Pomeranian Frei-Grenadier-Corps von Wussow

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Origin and History

In June 1758, two companies of grenadiers were raised in Stettin among the eight existing Pomeranian Land Militia battalions. Each of these companies consisted of:

  • 4 officers
  • 6 NCOs
  • 3 drummers
  • 144 grenadiers
  • 1 surgeon
  • 1 gunner
  • 2 artillerymen
  • 1 light gun

In April 1762, after the ceasefires with Russia and Sweden, these two companies of grenadiers were sent to Silesia where, on June 17 they were combined with the four companies of grenadiers of Freikorps von Schony to form the Freigrenadier-Bataillon Hüllesem.

During the Seven Years' War, this corps was under the command of:

  • from June 1758: Captain J. W. von Wussow (killed in action somewhere between Neustettin and Hammerstein on April 7, 1759) at his death he was replaced at the head of his company by Captain August Wilhelm Ferdinand von Knesewitz (a born Hungarian who came to Stettin with the Duke of Bevern in 1758 and distinguished himself with his company at Pasewalk, Löcknitz, where he was captured, Klempenow, where he was wounded, and fought on several occasions against the Swedes)
  • from April 7, 1759: Stabscapitain Otto Kasimir von Meerscheid(t) aka Hülles(s)em (promoted to captain on September 3, 1761; to major on June 17, 1762 or on November 2, 1763; to colonel on June 6, 1772; commander of the new Fusilier Regiment No. 51; promoted to major-general on May 20, 1782; chief of Garrison Regiment No. IV on September 27, 1784; chief of the Leib-Company of the III. Battalion of the Regiment of Foot No. 9 von Budberg on May 1, 1788)

N.B.: It is not clear, if these two coys were commanded separately by the above mentioned captains, or if those coys formed in fact a converged corps, so that one captain would be subordinated to the other. However, the work of the Grosser Generalstab is constantly referring to these two companies as two separate entities.

After the Seven Years' War, the battalion was disbanded, the foreigners serving in the two Pomeranian companies were incorporated into Garrison Regiment III.

Service during the War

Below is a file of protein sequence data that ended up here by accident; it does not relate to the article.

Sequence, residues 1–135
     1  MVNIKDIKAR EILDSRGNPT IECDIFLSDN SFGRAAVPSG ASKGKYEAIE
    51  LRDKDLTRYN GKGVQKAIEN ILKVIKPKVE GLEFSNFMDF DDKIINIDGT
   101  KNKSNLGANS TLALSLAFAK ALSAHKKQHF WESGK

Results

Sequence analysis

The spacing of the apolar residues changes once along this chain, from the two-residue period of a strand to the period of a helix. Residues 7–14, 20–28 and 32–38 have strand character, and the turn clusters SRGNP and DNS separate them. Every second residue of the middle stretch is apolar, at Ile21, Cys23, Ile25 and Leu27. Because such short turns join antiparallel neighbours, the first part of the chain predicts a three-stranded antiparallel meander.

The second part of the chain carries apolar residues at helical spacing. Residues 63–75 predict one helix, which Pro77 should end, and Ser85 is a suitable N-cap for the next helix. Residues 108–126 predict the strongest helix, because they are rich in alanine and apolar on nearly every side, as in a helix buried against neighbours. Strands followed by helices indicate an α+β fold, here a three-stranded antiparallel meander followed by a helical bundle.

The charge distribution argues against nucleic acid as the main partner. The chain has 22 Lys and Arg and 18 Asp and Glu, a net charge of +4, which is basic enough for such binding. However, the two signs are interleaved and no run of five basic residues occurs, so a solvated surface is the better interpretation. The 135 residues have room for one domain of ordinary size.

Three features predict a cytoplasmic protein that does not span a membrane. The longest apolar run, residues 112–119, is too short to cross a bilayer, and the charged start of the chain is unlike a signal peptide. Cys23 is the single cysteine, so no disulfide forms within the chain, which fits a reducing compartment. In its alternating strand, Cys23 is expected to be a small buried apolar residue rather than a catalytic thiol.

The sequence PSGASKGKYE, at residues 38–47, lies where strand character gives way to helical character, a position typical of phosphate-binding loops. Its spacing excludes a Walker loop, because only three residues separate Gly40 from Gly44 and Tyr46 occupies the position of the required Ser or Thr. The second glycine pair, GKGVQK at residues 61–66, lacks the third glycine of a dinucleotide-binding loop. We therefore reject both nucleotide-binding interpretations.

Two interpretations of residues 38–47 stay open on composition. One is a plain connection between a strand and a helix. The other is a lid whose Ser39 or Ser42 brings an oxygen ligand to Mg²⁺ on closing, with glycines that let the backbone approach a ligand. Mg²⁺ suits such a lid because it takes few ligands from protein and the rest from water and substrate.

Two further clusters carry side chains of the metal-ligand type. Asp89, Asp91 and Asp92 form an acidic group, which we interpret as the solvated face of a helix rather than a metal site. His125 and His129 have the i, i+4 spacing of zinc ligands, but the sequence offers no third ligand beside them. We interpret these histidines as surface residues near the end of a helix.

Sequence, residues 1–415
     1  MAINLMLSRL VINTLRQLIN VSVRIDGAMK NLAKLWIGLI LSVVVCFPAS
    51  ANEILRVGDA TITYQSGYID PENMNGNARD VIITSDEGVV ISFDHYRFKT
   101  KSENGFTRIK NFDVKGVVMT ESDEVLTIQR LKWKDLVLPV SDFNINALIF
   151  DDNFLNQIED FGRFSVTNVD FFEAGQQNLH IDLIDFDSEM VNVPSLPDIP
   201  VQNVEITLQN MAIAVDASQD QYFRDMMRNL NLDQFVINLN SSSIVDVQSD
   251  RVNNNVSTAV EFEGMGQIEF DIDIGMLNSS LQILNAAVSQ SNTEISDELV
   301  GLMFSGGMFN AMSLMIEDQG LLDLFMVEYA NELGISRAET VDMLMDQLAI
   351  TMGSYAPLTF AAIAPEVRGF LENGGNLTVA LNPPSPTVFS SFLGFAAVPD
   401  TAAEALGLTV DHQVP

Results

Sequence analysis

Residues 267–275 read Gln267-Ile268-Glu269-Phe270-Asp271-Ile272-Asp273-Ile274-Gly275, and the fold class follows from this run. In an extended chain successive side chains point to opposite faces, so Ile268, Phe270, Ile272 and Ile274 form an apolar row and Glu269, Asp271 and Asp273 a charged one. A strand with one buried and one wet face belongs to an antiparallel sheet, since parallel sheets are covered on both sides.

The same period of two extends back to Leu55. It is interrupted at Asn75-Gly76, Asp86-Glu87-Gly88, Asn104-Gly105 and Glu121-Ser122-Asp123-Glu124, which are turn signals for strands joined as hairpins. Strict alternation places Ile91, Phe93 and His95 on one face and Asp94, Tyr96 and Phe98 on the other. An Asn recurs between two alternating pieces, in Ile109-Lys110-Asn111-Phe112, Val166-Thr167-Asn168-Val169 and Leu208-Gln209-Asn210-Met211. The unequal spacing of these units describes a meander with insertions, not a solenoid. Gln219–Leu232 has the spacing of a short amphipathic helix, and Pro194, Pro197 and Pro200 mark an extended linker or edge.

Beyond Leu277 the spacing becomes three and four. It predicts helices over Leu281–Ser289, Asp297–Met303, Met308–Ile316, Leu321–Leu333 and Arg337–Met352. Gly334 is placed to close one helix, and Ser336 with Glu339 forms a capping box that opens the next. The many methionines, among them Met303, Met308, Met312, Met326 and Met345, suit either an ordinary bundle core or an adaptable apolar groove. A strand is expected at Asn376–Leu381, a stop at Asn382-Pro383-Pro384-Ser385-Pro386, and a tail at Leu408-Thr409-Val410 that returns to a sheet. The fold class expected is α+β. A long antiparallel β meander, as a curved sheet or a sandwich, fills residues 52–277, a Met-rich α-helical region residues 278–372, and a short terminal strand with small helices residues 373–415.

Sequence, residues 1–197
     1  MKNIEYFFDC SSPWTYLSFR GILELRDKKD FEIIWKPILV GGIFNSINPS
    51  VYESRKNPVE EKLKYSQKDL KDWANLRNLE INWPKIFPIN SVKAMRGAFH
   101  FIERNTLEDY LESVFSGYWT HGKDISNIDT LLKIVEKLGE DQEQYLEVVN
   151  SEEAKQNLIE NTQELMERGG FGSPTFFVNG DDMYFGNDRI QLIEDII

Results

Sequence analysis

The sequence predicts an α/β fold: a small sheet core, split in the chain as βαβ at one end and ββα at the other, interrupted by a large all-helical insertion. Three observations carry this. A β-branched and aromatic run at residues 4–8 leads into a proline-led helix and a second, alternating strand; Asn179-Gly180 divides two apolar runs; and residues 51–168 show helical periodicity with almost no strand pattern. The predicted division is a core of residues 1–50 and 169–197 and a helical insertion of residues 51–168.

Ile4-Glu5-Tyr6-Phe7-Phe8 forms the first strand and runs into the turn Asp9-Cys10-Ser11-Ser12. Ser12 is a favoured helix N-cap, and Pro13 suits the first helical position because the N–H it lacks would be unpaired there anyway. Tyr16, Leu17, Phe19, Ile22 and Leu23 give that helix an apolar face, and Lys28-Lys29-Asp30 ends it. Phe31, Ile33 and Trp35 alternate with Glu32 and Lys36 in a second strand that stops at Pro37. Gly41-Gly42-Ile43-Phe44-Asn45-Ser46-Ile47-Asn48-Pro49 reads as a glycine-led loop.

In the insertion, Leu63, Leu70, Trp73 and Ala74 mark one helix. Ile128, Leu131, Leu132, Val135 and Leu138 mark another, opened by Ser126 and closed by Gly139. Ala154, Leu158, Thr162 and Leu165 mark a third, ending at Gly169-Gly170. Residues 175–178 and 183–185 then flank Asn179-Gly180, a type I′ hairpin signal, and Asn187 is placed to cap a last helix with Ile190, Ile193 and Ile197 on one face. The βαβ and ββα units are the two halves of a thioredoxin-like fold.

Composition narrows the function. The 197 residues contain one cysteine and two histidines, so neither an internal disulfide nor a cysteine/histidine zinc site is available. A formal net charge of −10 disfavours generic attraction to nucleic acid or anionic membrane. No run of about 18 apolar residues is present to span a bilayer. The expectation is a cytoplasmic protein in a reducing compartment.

At the beginning of July 1758, the Duke of Bevern sent the two companies (Hüllesem and Wussow) with the Pomeranian Provincial Land Hussars and the Pomeranian Provincial Jägers from Stettin towards Ückermünde and Anklam. On August 15, a Swedish detachment under Major-General Count Horn advanced from Anklam towards the Ücker to reconnoitre the area and collect some provisions. Horn’s detachment engaged Freigrenadier Wussow near Altwigshafen and drove them back. In the night of August 15 to 16, Wussow's company retired to Torgelow while Hüllesem's company evacuated Ückermünde and retired to Ahlbeck because they feared that the Swedish galleys would land troops at Neuwarp (present-day Nowe Warpno). On August 17, Horn’s detachment expelled Wussow's company from Torgelow. The latter rejoined Hüllesem's company and the Pomeranian Provincial Land Hussars at Zerrenthin on the road from Pasewalk to Stettin. On September 10, Lieutenant-Colonel Tettau let the two companies of Pomeranian grenadiers, along with the Kompanie Seebach (1 coy), the hussars of First-Lieutenant von Grabowsky and the Provincial Jägers retire from Löcknitz. On September 15, the two companies of Pomeranian grenadiers took part in an ambush in the forest between Boitzenburg and Lychen. On October 4, Captain von Lehwaldt at the head of the same two companies and of one company of the Grenadier Battalion Köller, and a hussar detachment managed to capture the Swedish garrison guarding the passage of the Peene at Loitz. On December 5, the two companies of Pomeranian grenadiers caught up with Swedish troops retiring from Ückermünde near Grambin. Prussian galleys fired on the Swedish positions from the Stettin Lagoon and the Swedes evacuated them. Bevern threw a strong garrison in Ückermünde and sent his 2 Freigrenadier coys and his Landhussars to follow the retiring Swedes up to Anklam.